Trump Slaps New Tariffs on Chinese Products

Daniel Fowler
September 18, 2018

The president early on Monday seemed to undermine any efforts for a negotiated solution, saying tariffs have bolstered the US bargaining position, while cost increases to consumers have been negligible.

In July, Trump announced that his administration would offer a $12 billion emergency plan to help offset farmers hard hit by retaliatory tariffs imposed on agricultural products like soybeans, pork and dairy by China and other countries. Here is a summary of the ongoing conflicts:.

Fang said that even if Trump puts tariffs on all Chinese exports to the United States, the negative impact on China's economy will be about 0.7 percent.

The US has already imposed tariffs on $50bn (£38bn) on Chinese imports.

A White House statement said tariffs would start at 10 percent and go into effect in a week, on September 24, before kicking into full gear at 25 percent at the start of the new calendar year.

The president has suggested, tariffs on a couple hundred billion dollars.

Consumer safety products made in China, such as bicycle helmets sold by Vista Outdoor and baby auto seats and other products from Graco Inc also were taken off the list.

Only last week, Beijing said it welcomed overtures from U.S. officials offering to re-start trade talks, but press reports indicate China would call off any meetings if the new punitive duties take effect.

"Any time tariffs are imposed, I worry that Americans will be forced to pay extra costs - in this case on almost half of the United States imports from China", he said.

With the latest tariff escalation, American consumers could start feeling the cost in everyday goods. Steel prices are up more than 10 per cent since February, the month before Trump announced his long-awaited tariffs of 25 per cent on steel and 10 per cent on aluminum, from a wide swath of trading partners.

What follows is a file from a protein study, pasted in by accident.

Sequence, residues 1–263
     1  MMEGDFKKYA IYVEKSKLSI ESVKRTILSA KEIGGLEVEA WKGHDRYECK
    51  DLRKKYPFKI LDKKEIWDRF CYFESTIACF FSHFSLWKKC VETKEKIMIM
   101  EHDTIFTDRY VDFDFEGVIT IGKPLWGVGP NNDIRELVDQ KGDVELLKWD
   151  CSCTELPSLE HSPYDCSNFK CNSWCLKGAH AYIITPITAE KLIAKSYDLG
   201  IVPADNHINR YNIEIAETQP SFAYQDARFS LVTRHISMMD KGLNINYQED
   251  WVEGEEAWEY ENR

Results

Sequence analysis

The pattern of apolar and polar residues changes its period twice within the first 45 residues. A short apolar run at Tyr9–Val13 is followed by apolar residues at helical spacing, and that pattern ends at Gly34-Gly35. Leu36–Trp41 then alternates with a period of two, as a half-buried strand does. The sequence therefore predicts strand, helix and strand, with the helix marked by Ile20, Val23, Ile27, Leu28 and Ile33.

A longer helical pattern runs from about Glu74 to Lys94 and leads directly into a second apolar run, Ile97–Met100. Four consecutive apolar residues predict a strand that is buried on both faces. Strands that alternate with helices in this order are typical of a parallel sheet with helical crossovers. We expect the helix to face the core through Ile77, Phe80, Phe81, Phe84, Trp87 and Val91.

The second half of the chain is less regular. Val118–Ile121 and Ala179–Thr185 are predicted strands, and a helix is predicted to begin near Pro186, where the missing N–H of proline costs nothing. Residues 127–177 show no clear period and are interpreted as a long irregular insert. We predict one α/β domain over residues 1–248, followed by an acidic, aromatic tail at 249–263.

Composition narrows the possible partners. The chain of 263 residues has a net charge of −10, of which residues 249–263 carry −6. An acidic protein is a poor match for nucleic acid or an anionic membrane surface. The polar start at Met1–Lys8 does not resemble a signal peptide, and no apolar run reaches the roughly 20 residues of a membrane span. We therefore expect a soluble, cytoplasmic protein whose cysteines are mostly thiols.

From blue jeans to motorbikes and whiskey, the EU's hit list of products targeted the most emblematic of American exports.

Samsung Galaxy Note 9 explodes inside woman\'s purse in NY
The Korean smartphone company, however, said that it had not received any reports of such incidents and was probing the matter. She then chose to put it in her bag only to hear a whistling and screeching sound from her purse with thick smoke pouring out.

He also threatened punitive action against nations that won't deal fairly with Washington.

Both sides were preparing to hold new talks on their tariff dispute. "Exciting!" Trump said in a tweet on September 8.

Then last month, the escalating trade war moved up a gear when the USA brought in a 25% tax on a second wave of goods worth $16bn.

Countries such as New Zealand that stood up for "dependable rules-based systems" needed to engage with the Trump administration more, he said. Complicated talks to that end have been proceeding.

"So we've negotiated and negotiated and negotiated and given them chance after chance after chance".

Japan wants an exemption from the threatened U.S. duties on auto imports, which represent a major threat to its vehicle industry. Currently, the United States imports over half a trillion dollars worth of goods from China every year, while China imports $130 billion from the US. It will also do a lot of damage to the USA itself.

Chinese imports from the United States grew by nearly 500 percent over the past five years, such that as of 2017 Chinese buyers accounted for almost one in every five dollars in USA export revenue.

That entails the potential for huge penalties against those who trade with Iran, including European energy firms and automakers.

It could also do more of what it has already done.

Igniting a secondary skirmish, Trump this month said that he had doubled steel and aluminum tariffs on North Atlantic Treaty Organisation ally Turkey amid a row over an American pastor held for two years on terror charges. For example, Chris Fortune, the president and owner of Saris Cycle Group, wrote a commentary posted on BRAIN Monday in support of the tariffs.

"Investors are slowly starting to realise that these new tariffs could be extremely disruptive to the supply chain", said Art Hogan, chief market strategist at B. Riley FBR in NY.

Other reports by

Discuss This Article